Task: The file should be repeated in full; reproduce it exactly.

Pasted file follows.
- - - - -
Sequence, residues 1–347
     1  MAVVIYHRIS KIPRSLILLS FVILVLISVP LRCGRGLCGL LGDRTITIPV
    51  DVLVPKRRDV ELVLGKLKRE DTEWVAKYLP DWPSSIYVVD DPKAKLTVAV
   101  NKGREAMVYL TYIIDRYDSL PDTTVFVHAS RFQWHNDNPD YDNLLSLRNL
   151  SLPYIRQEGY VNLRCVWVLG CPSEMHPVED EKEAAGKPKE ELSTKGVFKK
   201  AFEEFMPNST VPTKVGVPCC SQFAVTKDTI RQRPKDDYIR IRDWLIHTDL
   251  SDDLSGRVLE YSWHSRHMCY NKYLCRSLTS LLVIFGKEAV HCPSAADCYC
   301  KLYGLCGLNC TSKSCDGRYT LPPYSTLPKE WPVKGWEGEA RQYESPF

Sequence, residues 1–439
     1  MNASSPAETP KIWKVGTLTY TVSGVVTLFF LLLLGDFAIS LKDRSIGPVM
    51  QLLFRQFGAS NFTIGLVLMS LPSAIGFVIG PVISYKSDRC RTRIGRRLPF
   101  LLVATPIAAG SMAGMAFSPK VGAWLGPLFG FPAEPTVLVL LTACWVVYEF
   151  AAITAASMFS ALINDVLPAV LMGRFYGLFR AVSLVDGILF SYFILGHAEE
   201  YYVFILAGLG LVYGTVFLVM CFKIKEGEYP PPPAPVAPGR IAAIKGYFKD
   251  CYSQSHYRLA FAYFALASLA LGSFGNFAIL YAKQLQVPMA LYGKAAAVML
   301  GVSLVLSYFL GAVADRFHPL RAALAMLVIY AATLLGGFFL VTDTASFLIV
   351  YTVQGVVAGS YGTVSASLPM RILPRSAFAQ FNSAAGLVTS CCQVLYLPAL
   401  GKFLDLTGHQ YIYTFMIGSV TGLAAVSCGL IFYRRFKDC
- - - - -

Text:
Sequence, residues 1–347
     1  MAVVIYHRIS KIPRSLILLS FVILVLISVP LRCGRGLCGL LGDRTITIPV
    51  DVLVPKRRDV ELVLGKLKRE DTEWVAKYLP DWPSSIYVVD DPKAKLTVAV
   101  NKGREAMVYL TYIIDRYDSL PDTTVFVHAS RFQWHNDNPD YDNLLSLRNL
   151  SLPYIRQEGY VNLRCVWVLG CPSEMHPVED EKEAAGKPKE ELSTKGVFKK
   201  AFEEFMPNST VPTKVGVPCC SQFAVTKDTI RQRPKDDYIR IRDWLIHTDL
   251  SDDLSGRVLE YSWHSRHMCY NKYLCRSLTS LLVIFGKEAV HCPSAADCYC
   301  KLYGLCGLNC TSKSCDGRYT LPPYSTLPKE WPVKGWEGEA RQYESPF

Sequence, residues 1–439
     1  MNASSPAETP KIWKVGTLTY TVSGVVTLFF LLLLGDFAIS LKDRSIGPVM
    51  QLLFRQFGAS NFTIGLVLMS LPSAIGFVIG PVISYKSDRC RTRIGRRLPF
   101  LLVATPIAAG SMAGMAFSPK VGAWLGPLFG FPAEPTVLVL LTACWVVYEF
   151  AAITAASMFS ALINDVLPAV LMGRFYGLFR AVSLVDGILF SYFILGHAEE
   201  YYVFILAGLG LVYGTVFLVM CFKIKEGEYP PPPAPVAPGR IAAIKGYFKD
   251  CYSQSHYRLA FAYFALASLA LGSFGNFAIL YAKQLQVPMA LYGKAAAVML
   301  GVSLVLSYFL GAVADRFHPL RAALAMLVIY AATLLGGFFL VTDTASFLIV
   351  YTVQGVVAGS YGTVSASLPM RILPRSAFAQ FNSAAGLVTS CCQVLYLPAL
   401  GKFLDLTGHQ YIYTFMIGSV TGLAAVSCGL IFYRRFKDC